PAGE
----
Ken Thompson’s a regular Captain Queeg when it comes to running the Brooklyn DA’s Office and it is leading to mass defections, if not mutiny.
Thompson is so toxic in his dealings with staff that he has burned through six high-ranking prosecutors, four chief investigators and one deputy chief investigator in the two-and-a-half years since he took office, law enforcement sources said.
The six prosecutors announced their resignation in just the last few weeks, including chief of the Firearms Prosecution Unit Leslie Kahn, chief of the Vehicular Crimes Bureau Gayle Dampf-Littman, chief of the Civil Rights Bureau Marc Fliedner and deputy chief of the Domestic Violence Unit Teresa Fabi.
“They’re all tired of being abused by Thompson and they’re sick of being berated by him,” said one law enforcement source familiar with the situation.
“[Thompson] is a very paranoid guy,” said another source, explaining that the DA also ignored the advice of his irritated investigative chiefs.
“Usually DAs and their chief investigators talk about how to run the investigations and they find common ground,” the source said. “Not with Thompson. He just told them what he wanted and that was it.”
Fliedner, who is known as a “big shot in the LGBT community,” is going into private practice, but will stay on at the DA’s Office for another month, a source said.
Fliedner’s unit successfully prosecuted ex-cop Peter Liang, gaining a jury’s manslaughter conviction in the 2014 shooting death of unarmed Akai Gurley.
But Thompson recommended a no-jail sentence, and in April, a Brooklyn judge sided with the DA, sentencing Liang — who had faced up to 15 years behind bars — to five years’ probation and 800 hours of community service.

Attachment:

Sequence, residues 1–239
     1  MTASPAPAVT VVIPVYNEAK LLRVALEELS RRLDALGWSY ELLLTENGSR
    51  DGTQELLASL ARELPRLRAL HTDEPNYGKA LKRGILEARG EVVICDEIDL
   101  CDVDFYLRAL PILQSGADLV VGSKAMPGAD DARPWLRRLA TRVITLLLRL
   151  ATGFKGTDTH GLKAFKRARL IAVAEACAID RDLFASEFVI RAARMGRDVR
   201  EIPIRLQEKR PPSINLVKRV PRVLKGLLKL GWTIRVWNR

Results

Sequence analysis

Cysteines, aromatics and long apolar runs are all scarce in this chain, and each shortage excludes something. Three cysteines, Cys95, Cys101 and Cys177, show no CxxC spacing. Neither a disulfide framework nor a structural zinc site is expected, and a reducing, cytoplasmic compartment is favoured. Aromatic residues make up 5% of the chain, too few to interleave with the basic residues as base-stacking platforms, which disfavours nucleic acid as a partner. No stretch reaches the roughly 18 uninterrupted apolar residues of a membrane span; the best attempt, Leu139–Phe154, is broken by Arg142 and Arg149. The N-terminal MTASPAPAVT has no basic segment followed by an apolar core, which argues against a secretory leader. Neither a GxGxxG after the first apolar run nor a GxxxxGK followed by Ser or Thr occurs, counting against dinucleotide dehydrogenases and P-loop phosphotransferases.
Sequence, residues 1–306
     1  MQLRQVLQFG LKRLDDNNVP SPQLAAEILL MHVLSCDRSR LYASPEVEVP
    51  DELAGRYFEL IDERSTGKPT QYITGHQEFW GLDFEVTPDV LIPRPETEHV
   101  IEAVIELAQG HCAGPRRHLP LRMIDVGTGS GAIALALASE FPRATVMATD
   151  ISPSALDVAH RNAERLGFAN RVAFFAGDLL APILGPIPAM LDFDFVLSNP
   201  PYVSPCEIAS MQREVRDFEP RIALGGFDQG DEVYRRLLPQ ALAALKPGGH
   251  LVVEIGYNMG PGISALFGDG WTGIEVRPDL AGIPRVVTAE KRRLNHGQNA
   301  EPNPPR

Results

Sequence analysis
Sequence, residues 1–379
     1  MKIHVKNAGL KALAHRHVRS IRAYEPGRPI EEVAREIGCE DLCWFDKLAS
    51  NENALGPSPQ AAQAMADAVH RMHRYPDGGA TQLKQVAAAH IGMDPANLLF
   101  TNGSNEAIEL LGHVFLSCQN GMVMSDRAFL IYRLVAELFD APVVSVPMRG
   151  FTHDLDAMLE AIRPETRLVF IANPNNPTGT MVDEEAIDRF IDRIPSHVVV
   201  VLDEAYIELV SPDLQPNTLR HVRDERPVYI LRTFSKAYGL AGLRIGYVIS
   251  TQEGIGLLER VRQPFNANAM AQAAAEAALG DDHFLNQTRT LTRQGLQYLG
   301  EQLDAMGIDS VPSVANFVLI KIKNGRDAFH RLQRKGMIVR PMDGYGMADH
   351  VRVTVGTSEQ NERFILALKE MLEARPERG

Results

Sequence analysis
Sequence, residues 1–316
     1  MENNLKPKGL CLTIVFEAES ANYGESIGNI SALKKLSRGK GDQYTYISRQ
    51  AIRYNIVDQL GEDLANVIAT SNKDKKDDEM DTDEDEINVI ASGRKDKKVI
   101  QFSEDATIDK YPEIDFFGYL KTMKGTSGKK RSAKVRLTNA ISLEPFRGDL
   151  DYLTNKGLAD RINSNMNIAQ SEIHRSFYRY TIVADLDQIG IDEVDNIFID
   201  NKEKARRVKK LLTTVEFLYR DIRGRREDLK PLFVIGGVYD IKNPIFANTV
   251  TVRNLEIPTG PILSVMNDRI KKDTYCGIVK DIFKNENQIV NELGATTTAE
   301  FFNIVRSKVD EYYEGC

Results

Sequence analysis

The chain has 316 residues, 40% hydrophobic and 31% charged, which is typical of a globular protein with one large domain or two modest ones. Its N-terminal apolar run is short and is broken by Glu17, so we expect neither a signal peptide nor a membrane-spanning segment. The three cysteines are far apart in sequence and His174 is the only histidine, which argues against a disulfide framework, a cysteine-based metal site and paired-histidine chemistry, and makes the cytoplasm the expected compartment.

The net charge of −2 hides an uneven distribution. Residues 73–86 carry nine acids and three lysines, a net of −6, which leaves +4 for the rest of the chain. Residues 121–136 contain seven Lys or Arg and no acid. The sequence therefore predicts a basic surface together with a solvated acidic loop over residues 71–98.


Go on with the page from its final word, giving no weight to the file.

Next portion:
It is not clear if Fliedener’s departure had anything to do with the Liang case and sentencing, which has led to protests outside the downtown Brooklyn DA’s office and even the DA’s Clinton Hill brownstone.
Dampf-Littman was described by the same source as a “very good prosecutor.”
Fabi is the wife of a powerful Brooklyn judge, Acting Supreme Court Justice William Miller, who is also the supervising judge of Kings County Criminal Court.
Thompson’s steadfast refusal to take advice on how to run investigations also played a role in the departure of the four chief investigators and one deputy chief, who were in charge of some 70 DA detectives tasked with looking into major probes, the sources said.
“It’s shocking to have five chief investigators leave a DA’s office,” said another source close to the matter. “Most of the chiefs in DAs’ offices are there for long periods of time – sometimes decades. It’s very rare to see something like this.”
Soon after Thompson was sworn in on Jan. 1, 2014, Chief Investigator Joseph Ponzi resigned and was replaced by John Bilich, a retired NYPD veteran, sources said.
Less than a year later, Bilich stepped down and another retired NYPD bigwig, Richard Bellucci, took the thankless job.
Bellucci lasted under a year before he put in his papers.
Then it was Horace Norville’s turn.
The former NYPD lieutenant resigned after clashing with Thompson over security issues during a protest after the verdict on Liang outside the DA’s downtown Brooklyn office last week.
“To say [Thompson] yells at people isn’t accurate. He just disrespects them,” a source told The Post about the Norville incident.
Louis Molina, deputy chief of the Detective Investigations Bureau, also quit after a year and four months in the job, sources said.
Thompson’s spokesman, Oren Yaniv, said he wouldn’t comment on personnel matters.
But a source close to Thompson claimed that none of the investigators was forced out and most left for higher-paying jobs.
The prosecutors who had given their notices recently either retired or moved on for better opportunities, not for any other reason, the source added.
Molina, Norville and Fliedner declined to comment. Bilich and Bellucci did not return calls for comment.
Ponzi told The Post that he decided to retire after a long career at the DA’s Office, saying “it was an amicable parting of the ways.”
Fleidner and Dampf-Littman declined to comment. Fabi and Kahn did not return calls for comment.